2.) The Audience Matters (a Big Deal!): When you're asked to deliver a speech, pause for a minute. Think of what a great privilege it is for you to have been asked to speak in front of an audience, whether it's a gathering of friends, a wedding reception, an annual general meeting or a conference of medical professionals. Let me repeat it again: It is your privilege to be speaking to them, not theirs! Think of the fact that these strangers are voluntarily sacrificing their quality time to listen to you and your ideas. It is that simple - and that big. You have to make your speech interesting, entertaining and intriguing for them. They have no obligation other than listening politely to you. But at the same time, in their very own self-interest, they want you to do well - because no one likes being bored out of their mind. Turn this into an advantage.
3.) Develop a Broad Idea: George H.W.Bush once said during the 1988 presidential campaign that he had problems articulating "the vision thing". Trust me, in a speech, articulating an overarching theme is vital to the way you structure your speech and your ability to captivate the audience. Use the structure of your speech as building blocks leading up to the overall articulation of your vision. When you're talking about the overall decency and fundamental kindness of a friend, for example, illustrate it through examples of that kindness and what other people say - before outlining those characteristics in broader terms.
4.) Entertain: No, you don't have to be Jerry Seinfeld, Bill Bailey or Eddie Murphy. But consider using anecdotes to demonstrate a point. Keep your speech light on too many statistics. With a speech, it's all about making an impact - you can do that best with personal warmth, a broad knowledge of your subject and a narrative use of your voice. Tell a story throughout your speech and bring those facts to life. Your audience will thank you for it.
5.) Keep it Real: Some budding orators make the mistake of channeling someone else's personality. You're not Charles de Gaulle, President Jed Bartlet from The West Wing or Tony Blair. You're who you are: You! Remember that and speak with your authentic voice, with all its quirks - speak from the heart and believe in what you're saying, even if that means having to rewrite a speech. The rule is simple: If the words you use are spoken sincerely, chances are that your audience will know.
esterday, on our Twitter profile
, we posted one of the most effective, groundbreaking and legendary speeches in recent history. It was a speech that changed a nation and shone a light on one of America’s toughest challenges, namely that of civil rights. We’re of course referring to the „I have a Dream“ speech delivered by Dr Martin Luther King Jr on the occasion of the March on Washington that took place on 28 August 1963.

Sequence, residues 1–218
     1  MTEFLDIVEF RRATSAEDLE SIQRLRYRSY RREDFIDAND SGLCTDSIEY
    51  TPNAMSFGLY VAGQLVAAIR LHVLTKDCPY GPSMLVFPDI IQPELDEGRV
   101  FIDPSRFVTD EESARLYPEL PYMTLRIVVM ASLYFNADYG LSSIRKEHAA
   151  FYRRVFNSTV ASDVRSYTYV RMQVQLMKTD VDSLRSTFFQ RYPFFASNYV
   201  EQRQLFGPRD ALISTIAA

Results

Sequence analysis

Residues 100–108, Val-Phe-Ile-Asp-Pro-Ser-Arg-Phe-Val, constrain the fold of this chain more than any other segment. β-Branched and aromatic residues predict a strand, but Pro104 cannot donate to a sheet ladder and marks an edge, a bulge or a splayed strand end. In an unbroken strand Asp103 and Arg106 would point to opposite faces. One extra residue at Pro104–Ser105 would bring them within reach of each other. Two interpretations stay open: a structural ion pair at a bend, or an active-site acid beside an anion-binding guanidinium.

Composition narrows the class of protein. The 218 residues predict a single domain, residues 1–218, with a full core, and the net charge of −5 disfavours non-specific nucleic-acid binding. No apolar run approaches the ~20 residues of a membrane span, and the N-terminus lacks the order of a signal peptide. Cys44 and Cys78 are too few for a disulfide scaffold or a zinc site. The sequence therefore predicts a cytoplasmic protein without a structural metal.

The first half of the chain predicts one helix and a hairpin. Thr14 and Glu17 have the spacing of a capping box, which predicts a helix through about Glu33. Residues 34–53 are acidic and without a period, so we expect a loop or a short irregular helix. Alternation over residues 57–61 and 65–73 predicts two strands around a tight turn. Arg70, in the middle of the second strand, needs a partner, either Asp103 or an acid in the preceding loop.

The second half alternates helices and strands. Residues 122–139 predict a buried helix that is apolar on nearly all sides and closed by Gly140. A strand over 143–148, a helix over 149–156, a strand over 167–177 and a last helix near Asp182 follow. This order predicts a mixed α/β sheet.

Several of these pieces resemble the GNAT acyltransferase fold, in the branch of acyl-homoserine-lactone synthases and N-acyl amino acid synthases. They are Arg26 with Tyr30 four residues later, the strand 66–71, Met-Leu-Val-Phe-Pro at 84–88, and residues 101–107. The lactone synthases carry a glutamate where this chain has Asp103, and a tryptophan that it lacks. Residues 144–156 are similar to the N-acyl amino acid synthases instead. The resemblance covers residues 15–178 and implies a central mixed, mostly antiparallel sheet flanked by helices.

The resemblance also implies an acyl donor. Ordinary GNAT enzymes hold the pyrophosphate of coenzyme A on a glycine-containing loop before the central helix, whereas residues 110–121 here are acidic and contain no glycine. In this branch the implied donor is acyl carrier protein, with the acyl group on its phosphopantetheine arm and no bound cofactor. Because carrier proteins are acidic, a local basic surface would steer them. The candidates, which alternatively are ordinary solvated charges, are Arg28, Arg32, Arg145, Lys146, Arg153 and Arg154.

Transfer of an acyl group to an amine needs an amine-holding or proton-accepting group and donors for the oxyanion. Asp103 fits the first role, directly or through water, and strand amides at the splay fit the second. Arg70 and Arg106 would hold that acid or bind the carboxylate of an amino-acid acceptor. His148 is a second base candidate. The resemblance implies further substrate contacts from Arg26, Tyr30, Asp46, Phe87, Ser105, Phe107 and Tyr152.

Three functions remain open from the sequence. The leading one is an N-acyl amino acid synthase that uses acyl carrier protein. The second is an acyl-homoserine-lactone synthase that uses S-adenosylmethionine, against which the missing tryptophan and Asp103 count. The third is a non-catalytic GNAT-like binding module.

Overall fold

In his speech, King reminded the nation of the promise enshrined in the Declaration of Independence and the values publicly espoused since the Revolutionary War. In the process, he rallied the nation around equal rights for all citizens – ultimately leading to the enactment of the Civil Rights Act and Voting Rights Act. But how was this speech written? How did it become the clarion call that resontes throughout the generations? There are some interesting and, at times, surprising answers.
In a time when King was already hard-pressed by his leadership of the Civil Rights Movement, his ideal wish was to take some time out with his family. But as the March on Washington had been fixed for August 1963, there was no time to rest – it was time to draft his speech for that event. In order to have the requisite peace and quiet, King withdrew to upstate New York. Apparently, even on the day prior to the March, King had no concrete idea on how he would address the crowd and which themes he would raise.
What followed was a two-step process: a collaborative discussion between King and his closest advisers on their ideas for the speech, followed by King refining and distilling them into what became the “I Have a Dream” speech. But those memorable words weren’t even in the original draft. In fact, when King began speaking, there was no plan whatsoever for him to use these visionary cadences. In the words of Clarence Jones, King “winged it” in front of millions of people. This clearly makes the address even more extraordinary. And it proves that a powerful message and authentic delivery are vital to any public speech. This is a lesson we all can take away from a truly legendary orator.
Welcome to First Impressions, the blog of Verbavolant Consulting on the topics as wide-ranging as speeches, PowerPoint presentations and good English. These also happen to be the areas that we cover in our range of services - but there is something else they happen to have in common: They are all about the construction and perception of public images. In other words, it's about making a good first impression. Rather than selling you a product, this blog is all about anecdotes and practical advice for you, the visitors of our website. Of course, we would be delighted if you liked what you see and decided to check it out for yourself. But our primary objective is to provide information that you can practically use.
That may mean providing advice on how to plan a speech, a five-step guide to structuring a good valedictorian speech or the analysis of a speech that has gone down in history, so that you can learn from it and understand it better. We look forward to hearing from you and welcome suggestions for topics.